As I was deliberating the topic of my weekly article, a new CSSM newsreader thread arrived today to immediately conclude the debate: The CSSM poster asked how Matlab labels can be modified to display non-ASCII characters such as the ∀ or β math symbols.
As you may recall, unlike axes text labels that support Tex/Latex, and unlike other uicontrols like buttons or listboxes that support HTML, text labels (uicontrol(‘Style’,’text’,…)) do not support text formatting or special symbols.
In the above-mentioned thread, Matt Whitaker, a longstanding CSSM contributor and a Matlab-Java veteran gave a solution that shows how seemingly difficult questions sometimes have simple solutions right beneath our noses. His solution was to simply replace the uicontrol label with a Java JLabel:
%show the 'for all' and 'beta' symbols labelStr = '<html>∀β <b>bold</b> <i><font color="red">label</html>'; jLabel = javaObjectEDT('javax.swing.JLabel',labelStr); [hcomponent,hcontainer] = javacomponent(jLabel,[100,100,40,20],gcf);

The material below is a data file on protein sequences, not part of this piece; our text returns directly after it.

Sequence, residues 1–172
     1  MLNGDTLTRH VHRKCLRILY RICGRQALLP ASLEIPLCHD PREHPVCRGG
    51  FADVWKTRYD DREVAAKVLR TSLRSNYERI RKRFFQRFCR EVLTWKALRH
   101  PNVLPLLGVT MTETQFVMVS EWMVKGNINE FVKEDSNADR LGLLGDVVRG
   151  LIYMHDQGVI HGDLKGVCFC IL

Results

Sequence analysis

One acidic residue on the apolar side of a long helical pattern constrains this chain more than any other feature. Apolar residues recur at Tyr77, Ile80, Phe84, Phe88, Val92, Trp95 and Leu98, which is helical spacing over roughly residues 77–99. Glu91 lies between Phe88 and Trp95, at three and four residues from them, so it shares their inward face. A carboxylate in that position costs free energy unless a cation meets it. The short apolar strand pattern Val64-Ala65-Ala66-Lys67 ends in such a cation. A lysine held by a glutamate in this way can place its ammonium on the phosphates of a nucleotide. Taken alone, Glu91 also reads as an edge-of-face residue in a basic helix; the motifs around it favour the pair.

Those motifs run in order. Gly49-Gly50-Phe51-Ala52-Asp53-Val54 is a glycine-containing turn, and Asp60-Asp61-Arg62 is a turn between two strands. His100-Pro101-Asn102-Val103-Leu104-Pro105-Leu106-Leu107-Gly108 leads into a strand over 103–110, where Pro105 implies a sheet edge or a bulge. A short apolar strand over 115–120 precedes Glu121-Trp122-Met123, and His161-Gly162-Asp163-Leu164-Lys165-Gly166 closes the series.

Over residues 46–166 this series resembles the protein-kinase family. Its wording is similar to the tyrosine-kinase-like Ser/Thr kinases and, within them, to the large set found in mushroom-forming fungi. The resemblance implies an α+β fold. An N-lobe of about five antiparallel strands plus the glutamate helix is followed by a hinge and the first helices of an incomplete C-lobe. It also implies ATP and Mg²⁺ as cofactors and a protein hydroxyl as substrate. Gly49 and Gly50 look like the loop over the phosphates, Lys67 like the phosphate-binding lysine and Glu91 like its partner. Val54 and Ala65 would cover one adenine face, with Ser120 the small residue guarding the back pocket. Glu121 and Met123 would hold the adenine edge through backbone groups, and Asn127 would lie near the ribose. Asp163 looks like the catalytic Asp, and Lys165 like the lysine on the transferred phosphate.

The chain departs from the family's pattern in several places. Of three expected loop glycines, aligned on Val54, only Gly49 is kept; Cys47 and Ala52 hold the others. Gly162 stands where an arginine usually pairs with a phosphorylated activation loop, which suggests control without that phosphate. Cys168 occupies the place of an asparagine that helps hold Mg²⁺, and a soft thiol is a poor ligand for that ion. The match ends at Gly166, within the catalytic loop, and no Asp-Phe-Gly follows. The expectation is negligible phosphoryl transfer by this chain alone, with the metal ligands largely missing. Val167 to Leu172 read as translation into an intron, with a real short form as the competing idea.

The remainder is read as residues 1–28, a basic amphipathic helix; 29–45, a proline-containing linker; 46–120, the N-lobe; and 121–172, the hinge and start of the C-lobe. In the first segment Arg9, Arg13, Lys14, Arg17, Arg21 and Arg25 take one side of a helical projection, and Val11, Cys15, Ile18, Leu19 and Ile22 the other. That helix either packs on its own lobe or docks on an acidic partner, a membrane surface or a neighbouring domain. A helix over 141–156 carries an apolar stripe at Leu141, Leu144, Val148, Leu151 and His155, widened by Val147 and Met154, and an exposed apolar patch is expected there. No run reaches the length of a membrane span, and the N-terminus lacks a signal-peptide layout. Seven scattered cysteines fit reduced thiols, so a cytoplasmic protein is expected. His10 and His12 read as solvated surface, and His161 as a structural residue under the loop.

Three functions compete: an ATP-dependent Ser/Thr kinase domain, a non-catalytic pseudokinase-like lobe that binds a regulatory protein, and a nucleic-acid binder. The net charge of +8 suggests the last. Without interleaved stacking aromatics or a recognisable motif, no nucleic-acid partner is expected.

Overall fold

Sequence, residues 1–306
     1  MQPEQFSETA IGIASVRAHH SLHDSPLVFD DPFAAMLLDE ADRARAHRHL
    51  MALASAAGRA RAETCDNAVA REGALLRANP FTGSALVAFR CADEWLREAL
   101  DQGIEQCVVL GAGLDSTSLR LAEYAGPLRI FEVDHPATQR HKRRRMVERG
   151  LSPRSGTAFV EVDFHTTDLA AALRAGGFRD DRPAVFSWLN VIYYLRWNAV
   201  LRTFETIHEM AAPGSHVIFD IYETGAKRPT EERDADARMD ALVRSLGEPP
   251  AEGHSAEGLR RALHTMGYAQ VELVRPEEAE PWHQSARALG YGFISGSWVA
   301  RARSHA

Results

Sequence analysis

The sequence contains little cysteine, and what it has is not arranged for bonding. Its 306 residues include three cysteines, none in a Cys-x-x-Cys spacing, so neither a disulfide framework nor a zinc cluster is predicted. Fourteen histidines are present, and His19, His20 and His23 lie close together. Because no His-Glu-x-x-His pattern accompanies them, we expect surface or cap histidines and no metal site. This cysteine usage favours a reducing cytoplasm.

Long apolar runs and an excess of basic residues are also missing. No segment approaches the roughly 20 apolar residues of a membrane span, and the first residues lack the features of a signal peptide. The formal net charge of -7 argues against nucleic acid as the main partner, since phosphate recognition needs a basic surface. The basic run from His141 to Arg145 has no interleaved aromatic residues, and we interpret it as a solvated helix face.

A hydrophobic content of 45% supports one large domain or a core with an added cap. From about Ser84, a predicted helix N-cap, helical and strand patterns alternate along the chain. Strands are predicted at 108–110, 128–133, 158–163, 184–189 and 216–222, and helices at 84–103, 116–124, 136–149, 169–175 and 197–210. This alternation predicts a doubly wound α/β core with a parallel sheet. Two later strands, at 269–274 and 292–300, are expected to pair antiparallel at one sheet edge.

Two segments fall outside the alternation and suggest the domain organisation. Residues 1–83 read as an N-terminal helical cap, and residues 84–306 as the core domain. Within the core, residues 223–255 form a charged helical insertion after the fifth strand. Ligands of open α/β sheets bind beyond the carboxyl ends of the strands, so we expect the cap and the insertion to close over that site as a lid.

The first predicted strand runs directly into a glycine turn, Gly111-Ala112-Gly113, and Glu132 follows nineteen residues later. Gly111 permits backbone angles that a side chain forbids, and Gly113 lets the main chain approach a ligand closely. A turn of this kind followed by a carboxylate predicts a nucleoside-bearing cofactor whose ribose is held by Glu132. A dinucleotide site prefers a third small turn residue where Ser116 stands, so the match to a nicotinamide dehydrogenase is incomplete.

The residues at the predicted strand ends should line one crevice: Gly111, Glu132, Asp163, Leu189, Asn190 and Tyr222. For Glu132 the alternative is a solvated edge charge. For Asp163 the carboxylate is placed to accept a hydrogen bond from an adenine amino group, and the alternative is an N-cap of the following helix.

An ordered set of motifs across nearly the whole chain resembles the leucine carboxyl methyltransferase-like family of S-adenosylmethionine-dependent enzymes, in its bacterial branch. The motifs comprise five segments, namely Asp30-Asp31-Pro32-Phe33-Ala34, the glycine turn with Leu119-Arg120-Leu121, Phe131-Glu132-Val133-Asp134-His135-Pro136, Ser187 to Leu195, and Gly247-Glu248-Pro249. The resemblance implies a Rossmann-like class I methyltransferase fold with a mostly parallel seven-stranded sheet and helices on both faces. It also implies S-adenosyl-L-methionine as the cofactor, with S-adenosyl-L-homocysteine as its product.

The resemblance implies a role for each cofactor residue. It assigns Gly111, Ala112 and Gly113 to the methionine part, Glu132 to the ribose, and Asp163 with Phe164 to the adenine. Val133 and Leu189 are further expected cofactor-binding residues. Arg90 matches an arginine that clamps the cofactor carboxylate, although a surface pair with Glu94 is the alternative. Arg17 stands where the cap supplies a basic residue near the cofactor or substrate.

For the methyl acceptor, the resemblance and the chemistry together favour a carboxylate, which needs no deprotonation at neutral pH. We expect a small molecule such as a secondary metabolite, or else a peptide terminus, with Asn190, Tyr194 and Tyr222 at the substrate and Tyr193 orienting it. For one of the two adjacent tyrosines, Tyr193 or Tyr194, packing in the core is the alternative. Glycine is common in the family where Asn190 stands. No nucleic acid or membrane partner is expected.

Note that the standard Matlab text uicontrol itself is very limited in the amount of customization it supports, even when accessing its underlying Java object using the FindJObj utility. This underlying Java object is a com.mathworks.hg.peer.utils.MultilineLabel extension of Swing’s bland javax.swing.JComponent. In fact, aside from some font and color customizations (also available via the Matlab HG properties), the most useful properties that are accessible only via the Java object are few. These include Border, HorizontalAlignment, VerticalAlignment and LineWrap. This is a very short list compared to the long list of corresponding undocumented properties in the other uicontrols.
I don’t know if this is obvious as I don’t know Java, but you can change the gray background of the JLabel by defining a java.awt.Color object and using setBackground:
mycolor = javaObjectEDT(‘java.awt.Color’, rgb_code)
The rgb_code is an integer that seems to be correspond to RGB as follows:
256^2*(0-255 red level) + 256*(0-255 green level) + (0-255 blue level)
So black = 0, and white is 256^2*255 + 256*255 + 255. You can cobble together highlighted sentences using this technique by aligning multiple JLabel objects in the figure.